Bear-Crawling Through May All the Way to Tahoe

On Thursday afternoon at 5:46 p.m., Paul and I started our long trek across the country. Our plan was to make it to Coralville, Iowa our first night, Rock Springs, Wyoming the second and our Tahoe home, Granlibakken in Tahoe City, California before nightfall on Saturday. All of the planning, packing, strategizing boiled down to this epic road trip with the Jeep packed so tight the back of it skimmed the back tires every time the road dipped a bit. The food was lousy, we didn't sleep much at all in our modest hotel rooms with lumpy pillows that didn't have any familiar smells, we ran out of good music as the internet failed through the most rural parts of the country, but once we made it to our Tahoe Home, things changed.

I don't know who put it in my head that I can't have exactly what I want but I've been riding this notion that I have to compromise. Bad love is better than no love. Bad friends are better than no friends. Bad jobs are better than no jobs. Dream big, but dream realistic. Make money and do what you love on the weekends. No one is going to pay you to do what you want. And the biggest, most debilitating lie that I've taken as the truth: plan for everything, always and have 9 plans for everything, always.

People just fall in line with all of this. They take it as the truth and anyone question it, they just come up with 492 examples of how that didn't work.
"Well my cousin tried to write from home and she lost her house!"
"Well my brother moved to California and he had to move back because it was so expensive!"
"Well what are you going to do if you can't find a job? What if what if what if?"

No wonder no one ever leaves. It's too scary, uncertain, full of variables, no deal.

On Sunday, I was standing on the side of a mountain looking down at Lake Tahoe with my husband and two of the greatest friends I've been given.  I veered off the path and laid in a hammock on the side of a mountain. I threw a snowball in May while getting sunburned. I drank coffee on a dock with my feet dangling above the prettiest body of water I've ever seen (sorry Lake Michigan). I took more pictures than I have in three months. All in 5 hours, I had the best day of my whole year. And  I even forged a river by bear-crawling a log.

That wasn't easy. Eve and Alex went first and flew right to the other side. I took two steps and started shaking. I turned back.
I was shaking like I was standing in a cave of snow.
I started thinking about everything that could happen.
What if I end up in the river? What if I'm swept away? What if I hit my head on the log and die?
I took a deep breath and bear-crawled it. One hand at a time, one knee at a time, without looking down, I finally made it to the end. We high-fived. And I saw views I've never seen in my life, all made possible by that log that I bear-crawled.

And it took me being out of the mountains a mere 25 hours to go back to compromising.

What if I don't find a job? What if we're so poor we can't pay our bills? What if Oatmeal has to eat the discount hay because we can't afford the orchard hay? And once you let the what if's in, they don't stop.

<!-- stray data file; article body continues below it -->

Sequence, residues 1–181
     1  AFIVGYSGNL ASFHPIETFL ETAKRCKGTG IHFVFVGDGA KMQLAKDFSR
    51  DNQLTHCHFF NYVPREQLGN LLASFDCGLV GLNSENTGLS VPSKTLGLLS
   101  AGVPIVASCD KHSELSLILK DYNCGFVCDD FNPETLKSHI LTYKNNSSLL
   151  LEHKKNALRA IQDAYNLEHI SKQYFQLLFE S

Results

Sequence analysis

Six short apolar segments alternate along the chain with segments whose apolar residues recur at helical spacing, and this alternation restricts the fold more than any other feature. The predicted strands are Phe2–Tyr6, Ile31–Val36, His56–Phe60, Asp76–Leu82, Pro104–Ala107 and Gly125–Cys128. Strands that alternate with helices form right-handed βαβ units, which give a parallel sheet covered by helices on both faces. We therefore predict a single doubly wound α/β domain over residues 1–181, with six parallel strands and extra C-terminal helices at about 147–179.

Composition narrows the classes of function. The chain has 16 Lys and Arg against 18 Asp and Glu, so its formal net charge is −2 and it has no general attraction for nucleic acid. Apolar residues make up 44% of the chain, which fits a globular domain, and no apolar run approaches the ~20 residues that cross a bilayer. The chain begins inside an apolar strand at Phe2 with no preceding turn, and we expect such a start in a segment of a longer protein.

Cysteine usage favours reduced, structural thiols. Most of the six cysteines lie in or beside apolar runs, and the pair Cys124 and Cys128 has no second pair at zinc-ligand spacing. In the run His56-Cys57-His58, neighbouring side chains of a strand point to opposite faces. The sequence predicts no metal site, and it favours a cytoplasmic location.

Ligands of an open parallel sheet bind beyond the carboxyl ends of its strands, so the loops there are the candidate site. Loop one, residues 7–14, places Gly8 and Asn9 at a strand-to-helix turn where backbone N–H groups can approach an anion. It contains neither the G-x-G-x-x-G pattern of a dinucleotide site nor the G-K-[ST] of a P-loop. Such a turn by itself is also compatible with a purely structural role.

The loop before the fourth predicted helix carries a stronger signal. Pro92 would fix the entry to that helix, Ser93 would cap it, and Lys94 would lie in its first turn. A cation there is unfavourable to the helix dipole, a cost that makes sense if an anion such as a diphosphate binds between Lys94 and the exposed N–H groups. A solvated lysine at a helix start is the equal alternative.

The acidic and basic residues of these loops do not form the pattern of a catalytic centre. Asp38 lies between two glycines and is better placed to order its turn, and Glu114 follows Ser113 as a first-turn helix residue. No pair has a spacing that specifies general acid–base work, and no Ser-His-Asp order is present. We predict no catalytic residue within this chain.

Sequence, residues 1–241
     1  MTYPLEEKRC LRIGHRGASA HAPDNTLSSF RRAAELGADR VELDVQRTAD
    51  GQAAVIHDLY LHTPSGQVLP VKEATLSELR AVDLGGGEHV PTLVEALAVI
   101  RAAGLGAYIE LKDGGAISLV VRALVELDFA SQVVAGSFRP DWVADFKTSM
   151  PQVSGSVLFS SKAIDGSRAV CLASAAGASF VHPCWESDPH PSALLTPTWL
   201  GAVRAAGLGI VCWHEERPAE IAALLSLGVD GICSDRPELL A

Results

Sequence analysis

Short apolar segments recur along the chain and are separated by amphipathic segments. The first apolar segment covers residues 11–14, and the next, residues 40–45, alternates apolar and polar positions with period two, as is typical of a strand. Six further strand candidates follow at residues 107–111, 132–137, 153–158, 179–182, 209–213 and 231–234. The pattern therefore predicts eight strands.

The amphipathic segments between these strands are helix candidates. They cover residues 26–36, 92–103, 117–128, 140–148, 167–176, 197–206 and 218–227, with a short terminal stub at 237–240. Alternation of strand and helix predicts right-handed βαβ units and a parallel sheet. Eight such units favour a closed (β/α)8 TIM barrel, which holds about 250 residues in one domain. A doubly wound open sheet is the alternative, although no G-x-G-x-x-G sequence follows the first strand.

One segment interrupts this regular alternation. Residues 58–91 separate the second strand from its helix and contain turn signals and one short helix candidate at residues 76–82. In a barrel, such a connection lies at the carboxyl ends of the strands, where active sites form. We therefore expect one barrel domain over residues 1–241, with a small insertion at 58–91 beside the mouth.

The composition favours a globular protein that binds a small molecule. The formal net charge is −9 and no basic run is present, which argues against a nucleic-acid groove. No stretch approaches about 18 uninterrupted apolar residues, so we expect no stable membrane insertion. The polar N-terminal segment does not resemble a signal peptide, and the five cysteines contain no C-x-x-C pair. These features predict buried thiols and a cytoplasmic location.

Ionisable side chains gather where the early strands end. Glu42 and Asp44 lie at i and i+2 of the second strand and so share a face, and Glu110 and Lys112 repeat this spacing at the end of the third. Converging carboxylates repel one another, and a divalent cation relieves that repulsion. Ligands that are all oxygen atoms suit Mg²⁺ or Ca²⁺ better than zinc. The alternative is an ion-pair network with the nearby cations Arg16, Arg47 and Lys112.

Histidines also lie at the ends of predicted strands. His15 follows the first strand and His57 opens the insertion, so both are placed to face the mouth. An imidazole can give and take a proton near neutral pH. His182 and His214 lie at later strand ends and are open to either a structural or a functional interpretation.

But after watching baseball with my dad and eating some farm asparagus, I tried to clear up my brain.
A little Tahoe wisdom brought back from thee most beautiful place in the universe:

It's the biggest sham in the world to think you have control of anything that matters. Even if you live in the same place you're whole life, and there's nothing wrong with that, life is a variable. And we find solace in keeping our routine the same because it gives us the illusion of control.

But you are not in control. Sorry, Charlie.

Everyone talks about how I'm so brave for just leaving on faith, but I'm just as scared as anyone would be at this time in their life. I don't have an address. I don't have an apartment. I don't know where I'll be working in August, where I'll be next year, what I'll even be doing in three months. These are more variables than I've ever had in my whole life.

But I can sit here and be scared of strangers at the Kroger on Monroe or I can really make my fear work and move across the country. If I'm going to be scared anyway, I might as well make it count and have a mountain on my side.

Because I don't have control of the big things. I could choke on a ham sammich tomorrow. I could die in a fiery plane crash. A stranger could murder me next year. And I truly believe that if I need a job, I'll get a job. If I need an apartment, I'll find an apartment. I believe that things will be okay. Because even if I believe or I don't, life's going to do whatever it wants anyway. So why not look at what could happen instead of what couldn't?

So here it is: if you want to do something, if you want to pack up your car and be in a place that makes you smile ear to ear and say, "Oh my god" like you can't believe this place exists, or you just want to not have a terrible job, then just do it, change it. You might fail but at least you tried. And there's also a huge chance that you'll do great things and get exactly what you want.

I'll figure it out. I always have. And in the mean time, I'm going to see some of the most amazing things I've ever seen with the other half of the Yonaus home in time for dinner.